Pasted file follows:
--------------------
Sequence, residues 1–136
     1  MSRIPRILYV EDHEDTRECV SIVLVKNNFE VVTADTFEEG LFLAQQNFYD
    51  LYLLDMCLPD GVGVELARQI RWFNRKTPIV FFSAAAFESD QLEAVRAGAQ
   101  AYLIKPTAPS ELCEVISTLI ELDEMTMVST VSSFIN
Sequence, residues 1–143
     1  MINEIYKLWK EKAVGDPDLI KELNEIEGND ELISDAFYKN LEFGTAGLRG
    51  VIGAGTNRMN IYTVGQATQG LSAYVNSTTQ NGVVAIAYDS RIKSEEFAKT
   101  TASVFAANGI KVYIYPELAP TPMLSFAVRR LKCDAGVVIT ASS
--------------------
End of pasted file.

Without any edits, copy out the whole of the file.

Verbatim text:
Sequence, residues 1–136
     1  MSRIPRILYV EDHEDTRECV SIVLVKNNFE VVTADTFEEG LFLAQQNFYD
    51  LYLLDMCLPD GVGVELARQI RWFNRKTPIV FFSAAAFESD QLEAVRAGAQ
   101  AYLIKPTAPS ELCEVISTLI ELDEMTMVST VSSFIN
Sequence, residues 1–143
     1  MINEIYKLWK EKAVGDPDLI KELNEIEGND ELISDAFYKN LEFGTAGLRG
    51  VIGAGTNRMN IYTVGQATQG LSAYVNSTTQ NGVVAIAYDS RIKSEEFAKT
   101  TASVFAANGI KVYIYPELAP TPMLSFAVRR LKCDAGVVIT ASS